Always watch out for the famous yellow and black signs indicating the presence of certain animals. Be careful where you step and always follow swimming rules at the beach, swimming within the boundaries of shark and stinger nets etc. Some bathing areas are strictly prohibited due to the presence of sharks or jellyfish. Surfers, check in advance where is safe to go. Some free camps in the Northern Territory and Queensland are populated by crocodiles, so stay on your guard and read the comments of other travellers on Wikicamps for example.
Even if the risk is minimal, stay as far away as possible from bats, as some carry a virus similar to rabies.
What are the compulsory or recommended vaccines in Australia?
Before the Covid-19 pandemic, no vaccines were compulsory in Australia. However, some vaccines were strongly recommended to protect you against some health risks. From the beginning of 2020, Australia required vaccination against Covid for entry into the country. Currently in 2023, vaccination against Covid is no longer mandatory for travellers. You no longer need to wear a mask on flights, and you do not need proof of a negative Covid test to enter Australia. That being said, some airlines and sea travel operators may require a PCR test before departure. Check this well in advance of your trip on the Australian Government’s travel site.
As of March 2023, there are around 2700 cases of Covid per day throughout Australia. The majority of these cases are in NSW.
Recommended vaccines in Australia
To protect you during your trip to Austraia, it is strong recommended that you get vaccinated against:
- Tick-borne encephalitis (rickettsioses) if you plan to go to northern Australia or rural areas.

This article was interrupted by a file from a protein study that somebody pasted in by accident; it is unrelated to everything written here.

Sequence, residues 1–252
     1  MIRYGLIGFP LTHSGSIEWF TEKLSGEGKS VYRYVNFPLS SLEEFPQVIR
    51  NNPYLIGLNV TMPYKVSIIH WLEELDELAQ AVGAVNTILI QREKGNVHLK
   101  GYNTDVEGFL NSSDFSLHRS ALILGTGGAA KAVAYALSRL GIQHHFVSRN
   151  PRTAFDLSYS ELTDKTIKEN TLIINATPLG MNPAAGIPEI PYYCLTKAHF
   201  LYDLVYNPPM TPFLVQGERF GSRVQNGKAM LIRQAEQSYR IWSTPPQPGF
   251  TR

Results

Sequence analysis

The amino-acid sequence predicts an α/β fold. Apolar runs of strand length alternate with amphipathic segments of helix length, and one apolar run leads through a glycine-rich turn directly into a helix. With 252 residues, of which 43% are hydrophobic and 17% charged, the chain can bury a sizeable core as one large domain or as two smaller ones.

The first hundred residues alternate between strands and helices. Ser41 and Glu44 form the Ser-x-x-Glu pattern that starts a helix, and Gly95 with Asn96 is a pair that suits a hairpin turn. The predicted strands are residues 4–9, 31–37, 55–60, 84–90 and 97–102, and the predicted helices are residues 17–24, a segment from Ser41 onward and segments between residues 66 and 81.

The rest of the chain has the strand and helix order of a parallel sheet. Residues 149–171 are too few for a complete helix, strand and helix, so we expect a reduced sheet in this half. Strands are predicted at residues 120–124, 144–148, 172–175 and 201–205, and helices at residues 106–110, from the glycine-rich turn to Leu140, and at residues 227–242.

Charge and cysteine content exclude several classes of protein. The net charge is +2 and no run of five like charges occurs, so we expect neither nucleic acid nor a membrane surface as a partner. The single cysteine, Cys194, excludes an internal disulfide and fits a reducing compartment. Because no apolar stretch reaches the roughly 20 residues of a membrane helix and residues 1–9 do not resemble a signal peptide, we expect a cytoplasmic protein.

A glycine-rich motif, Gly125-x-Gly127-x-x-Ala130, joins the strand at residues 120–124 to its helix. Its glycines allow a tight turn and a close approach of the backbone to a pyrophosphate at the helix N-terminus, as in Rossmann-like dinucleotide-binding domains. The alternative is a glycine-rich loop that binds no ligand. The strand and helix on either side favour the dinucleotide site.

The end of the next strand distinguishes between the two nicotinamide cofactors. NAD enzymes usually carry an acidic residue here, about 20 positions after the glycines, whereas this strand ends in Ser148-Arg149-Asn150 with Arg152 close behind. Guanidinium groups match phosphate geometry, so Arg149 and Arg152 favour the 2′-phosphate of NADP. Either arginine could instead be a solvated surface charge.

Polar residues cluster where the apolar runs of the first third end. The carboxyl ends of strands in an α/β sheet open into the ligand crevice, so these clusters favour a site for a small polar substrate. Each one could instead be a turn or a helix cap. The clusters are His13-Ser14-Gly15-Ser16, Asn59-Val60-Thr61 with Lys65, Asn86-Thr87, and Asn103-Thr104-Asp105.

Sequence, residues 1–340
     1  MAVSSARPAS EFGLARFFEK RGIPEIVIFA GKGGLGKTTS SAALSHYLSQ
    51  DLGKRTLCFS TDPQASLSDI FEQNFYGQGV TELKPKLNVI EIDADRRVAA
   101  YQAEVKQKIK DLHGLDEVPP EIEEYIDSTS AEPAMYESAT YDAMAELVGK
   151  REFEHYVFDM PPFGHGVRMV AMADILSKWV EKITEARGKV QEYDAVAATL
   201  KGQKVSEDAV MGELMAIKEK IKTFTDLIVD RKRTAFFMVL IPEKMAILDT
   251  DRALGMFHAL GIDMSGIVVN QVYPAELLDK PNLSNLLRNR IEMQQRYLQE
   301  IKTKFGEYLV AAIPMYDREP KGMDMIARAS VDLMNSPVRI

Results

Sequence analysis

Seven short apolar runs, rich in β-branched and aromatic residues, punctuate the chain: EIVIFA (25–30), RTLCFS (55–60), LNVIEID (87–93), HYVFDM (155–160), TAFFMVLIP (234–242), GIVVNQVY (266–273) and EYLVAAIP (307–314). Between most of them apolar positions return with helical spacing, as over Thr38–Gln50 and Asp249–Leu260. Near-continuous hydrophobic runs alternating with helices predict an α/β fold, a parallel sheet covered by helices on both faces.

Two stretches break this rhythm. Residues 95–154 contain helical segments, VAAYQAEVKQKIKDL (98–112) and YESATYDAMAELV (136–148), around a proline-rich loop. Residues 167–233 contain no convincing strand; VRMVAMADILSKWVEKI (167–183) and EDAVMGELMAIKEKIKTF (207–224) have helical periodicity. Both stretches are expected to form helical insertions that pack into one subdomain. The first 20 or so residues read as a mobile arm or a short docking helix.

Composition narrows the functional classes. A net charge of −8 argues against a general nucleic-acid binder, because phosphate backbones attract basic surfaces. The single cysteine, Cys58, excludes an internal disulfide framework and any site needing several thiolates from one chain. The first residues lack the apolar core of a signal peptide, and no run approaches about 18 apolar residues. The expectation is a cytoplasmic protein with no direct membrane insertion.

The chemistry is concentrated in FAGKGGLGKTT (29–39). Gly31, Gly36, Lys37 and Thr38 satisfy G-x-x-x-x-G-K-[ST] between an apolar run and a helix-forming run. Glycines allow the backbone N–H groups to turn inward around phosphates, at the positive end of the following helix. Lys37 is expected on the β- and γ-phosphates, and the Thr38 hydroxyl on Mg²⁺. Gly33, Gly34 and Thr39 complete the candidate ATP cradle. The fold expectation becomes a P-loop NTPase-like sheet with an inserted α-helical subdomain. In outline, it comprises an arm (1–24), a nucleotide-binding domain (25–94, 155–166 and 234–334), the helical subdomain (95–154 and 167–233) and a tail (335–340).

- Rabies if you plan to visit rural areas. Rabies still exists in Australia and is carried by dingoes and bats. You would have to be very unlucky to catch it but it’s best to be protected.
These vaccines are available at medical centres specialising in international travel. Bring a copy of your vaccination record and your international vaccination certificate with you on your trip to Australia, as well as a copy of your travel insurance cover.
Take care of yourself and stay safe on your journey. If you’re worried about your health, don’t hesitate to consult a doctor.
How to reduce health risks in Australia
Be well prepared before leaving your home country
A few precautionary measures can really make a difference. Book a check up with your doctor before you travel to Australia and consider getting the vaccines mentioned above.
It is imperative to have your vaccines up-to-date well before your departure (a few weeks before). Depending on the countries you’re going to visit, you may need to get additional vaccines (e.g. hepatitis, yellow fever, Japanese encephalitis etc.) and even preventive treatments (e.g. malaria). These vaccines are available at medical centers specialising in international travel.
In some cases, you need to provide proof of vaccination. Remember to take a copy of your vaccination record and your international vaccination certificate with you, as well as a copy of your travel insurance cover.
Find out what the health risks in your specific destinations are and what you can do to prevent them. It’s best to speak to health professionals in international medical centres directly.
Pack everything you need during your trip to protect you. The minimum requirement is a first aid kit (dressings, disinfectant etc), but also insect repellents and sunscreen. If you are taking prescribed drugs, make sure you have your prescription in writing (and translated if necessary) to justify the possession of these drugs. Keep in mind that your medications may not be available where you are going.